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Appears in Collections:Faculty of Social Sciences Journal Articles
Peer Review Status: Refereed
Title: "They're coming into school hungry, they're not ready to learn". Scottish teachers' perceptions of marginalization in school mathematics
Author(s): Xenofontos, Constantinos
Hizli Alkan, Sinem
Keywords: marginalization
school mathematics
teachers’ perceptions
Issue Date: 2022
Date Deposited: 24-Jun-2022
Citation: Xenofontos C & Hizli Alkan S (2022) "They're coming into school hungry, they're not ready to learn". Scottish teachers' perceptions of marginalization in school mathematics. Eurasia Journal of Mathematics, Science and Technology Education, 18 (6), Art. No.: em2116.
Abstract: In recent years, many studies have highlighted significant differences between the mathematical performances of white middle-class boys and several other groups of children with other demographic characteristics. The ways teachers perceive marginalization influence how they make sense of diverse classrooms and how they can actively support pupils from marginalized backgrounds. Discussions about who is marginalized in school mathematics vary across different countries. In Scotland, not least at the level of policymaking, marginalization is typically associated with social class and children’s socioeconomic backgrounds. The main aim of this paper is to explore Scottish teachers’ perceptions of the roots of marginalization in school mathematics. Participants were 29 teachers from different school levels (eight early-years, 11 primary, and 10 secondary teachers). Drawing on data from individual semi-structured interviews, our thematic analysis indicated that teachers’ responses mainly reflected the social-class/poverty discourse of policymakers, while very few recognized other marginalizing variables (for example, gender, English language competence). Yet, none of the teachers talked about how such variables may be interlinked. In conclusion, the intersectional character of marginalization (structural interplay of variables such as race, class gender, sexuality, disability etc.) needs to be promoted more explicitly in initial teacher education and continuous professional development programs.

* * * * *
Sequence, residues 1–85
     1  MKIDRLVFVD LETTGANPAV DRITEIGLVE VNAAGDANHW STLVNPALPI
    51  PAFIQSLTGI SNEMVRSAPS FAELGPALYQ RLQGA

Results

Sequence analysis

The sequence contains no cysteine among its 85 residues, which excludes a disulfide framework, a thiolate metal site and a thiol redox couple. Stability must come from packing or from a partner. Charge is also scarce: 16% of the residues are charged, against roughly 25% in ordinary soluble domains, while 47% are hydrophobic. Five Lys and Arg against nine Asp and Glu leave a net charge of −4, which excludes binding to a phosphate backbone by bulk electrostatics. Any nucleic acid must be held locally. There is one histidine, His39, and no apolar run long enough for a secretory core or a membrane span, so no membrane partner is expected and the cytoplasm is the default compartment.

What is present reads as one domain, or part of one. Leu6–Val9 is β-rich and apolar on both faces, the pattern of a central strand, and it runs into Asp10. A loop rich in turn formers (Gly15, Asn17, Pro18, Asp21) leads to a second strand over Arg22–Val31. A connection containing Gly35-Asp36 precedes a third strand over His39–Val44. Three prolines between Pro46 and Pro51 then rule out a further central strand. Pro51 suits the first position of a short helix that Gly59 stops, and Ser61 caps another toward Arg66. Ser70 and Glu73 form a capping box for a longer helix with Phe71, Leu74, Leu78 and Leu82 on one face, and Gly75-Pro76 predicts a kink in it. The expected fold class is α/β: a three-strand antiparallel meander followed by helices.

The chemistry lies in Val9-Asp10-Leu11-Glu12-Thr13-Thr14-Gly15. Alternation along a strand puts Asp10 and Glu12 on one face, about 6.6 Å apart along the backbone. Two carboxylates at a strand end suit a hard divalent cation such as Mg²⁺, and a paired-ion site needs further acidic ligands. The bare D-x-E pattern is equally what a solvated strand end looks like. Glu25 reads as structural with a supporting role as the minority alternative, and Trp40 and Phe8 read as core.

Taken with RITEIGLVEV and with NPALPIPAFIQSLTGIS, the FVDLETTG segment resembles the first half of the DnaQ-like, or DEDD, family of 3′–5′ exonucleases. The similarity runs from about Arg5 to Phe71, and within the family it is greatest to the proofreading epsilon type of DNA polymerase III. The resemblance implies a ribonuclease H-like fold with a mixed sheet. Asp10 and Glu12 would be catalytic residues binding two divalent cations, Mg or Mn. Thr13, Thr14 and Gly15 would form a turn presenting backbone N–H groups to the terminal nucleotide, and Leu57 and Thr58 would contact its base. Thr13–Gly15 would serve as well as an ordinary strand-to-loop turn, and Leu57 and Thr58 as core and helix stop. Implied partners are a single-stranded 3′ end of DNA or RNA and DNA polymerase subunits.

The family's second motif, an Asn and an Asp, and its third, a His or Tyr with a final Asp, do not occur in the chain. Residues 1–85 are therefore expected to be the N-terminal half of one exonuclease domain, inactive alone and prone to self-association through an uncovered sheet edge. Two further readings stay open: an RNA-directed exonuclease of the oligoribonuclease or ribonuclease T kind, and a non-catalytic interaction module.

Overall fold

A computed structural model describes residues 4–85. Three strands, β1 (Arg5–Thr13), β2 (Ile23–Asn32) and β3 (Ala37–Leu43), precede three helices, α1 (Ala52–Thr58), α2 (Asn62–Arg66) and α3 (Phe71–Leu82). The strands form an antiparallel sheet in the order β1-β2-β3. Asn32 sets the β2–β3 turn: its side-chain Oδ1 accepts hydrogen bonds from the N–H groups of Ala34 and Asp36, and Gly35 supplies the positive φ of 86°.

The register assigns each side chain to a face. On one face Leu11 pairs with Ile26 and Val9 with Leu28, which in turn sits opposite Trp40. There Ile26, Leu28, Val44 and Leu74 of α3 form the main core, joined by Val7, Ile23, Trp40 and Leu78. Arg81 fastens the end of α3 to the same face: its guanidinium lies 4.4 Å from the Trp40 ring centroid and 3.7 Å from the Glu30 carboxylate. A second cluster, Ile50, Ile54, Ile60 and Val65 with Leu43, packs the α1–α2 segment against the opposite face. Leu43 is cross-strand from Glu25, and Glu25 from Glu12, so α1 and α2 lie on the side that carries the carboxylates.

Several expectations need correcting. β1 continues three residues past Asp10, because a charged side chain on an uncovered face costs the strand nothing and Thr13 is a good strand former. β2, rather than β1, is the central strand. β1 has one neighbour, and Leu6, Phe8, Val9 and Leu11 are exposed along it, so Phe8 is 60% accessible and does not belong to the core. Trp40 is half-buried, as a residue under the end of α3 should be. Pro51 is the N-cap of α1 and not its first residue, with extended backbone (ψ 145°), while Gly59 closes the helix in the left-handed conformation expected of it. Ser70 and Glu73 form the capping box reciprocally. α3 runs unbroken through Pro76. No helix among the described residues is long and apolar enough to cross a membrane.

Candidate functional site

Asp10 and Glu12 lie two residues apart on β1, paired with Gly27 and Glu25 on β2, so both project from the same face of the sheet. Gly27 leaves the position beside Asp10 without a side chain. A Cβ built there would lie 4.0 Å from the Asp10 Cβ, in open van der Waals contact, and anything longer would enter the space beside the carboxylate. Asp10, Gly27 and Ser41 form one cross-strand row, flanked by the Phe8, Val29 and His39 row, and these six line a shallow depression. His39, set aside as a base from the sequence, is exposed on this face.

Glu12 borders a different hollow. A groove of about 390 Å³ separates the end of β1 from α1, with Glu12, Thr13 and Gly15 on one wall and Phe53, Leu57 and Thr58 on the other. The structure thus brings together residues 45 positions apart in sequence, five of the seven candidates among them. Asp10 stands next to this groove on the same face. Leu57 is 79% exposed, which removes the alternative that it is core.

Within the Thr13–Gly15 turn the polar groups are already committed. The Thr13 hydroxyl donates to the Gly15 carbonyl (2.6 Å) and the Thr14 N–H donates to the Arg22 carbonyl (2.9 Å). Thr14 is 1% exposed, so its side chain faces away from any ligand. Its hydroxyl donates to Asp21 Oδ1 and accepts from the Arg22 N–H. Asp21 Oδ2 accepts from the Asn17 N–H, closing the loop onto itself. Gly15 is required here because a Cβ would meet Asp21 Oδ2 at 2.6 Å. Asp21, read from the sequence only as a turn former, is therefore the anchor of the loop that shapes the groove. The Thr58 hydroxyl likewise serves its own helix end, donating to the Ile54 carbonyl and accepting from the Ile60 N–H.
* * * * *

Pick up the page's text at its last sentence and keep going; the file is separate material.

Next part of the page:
DOI Link: 10.29333/ejmste/12071
Rights: © 2022 by the authors; licensee Modestum. This article is an open access article distributed under the terms and conditions of the Creative Commons Attribution License (
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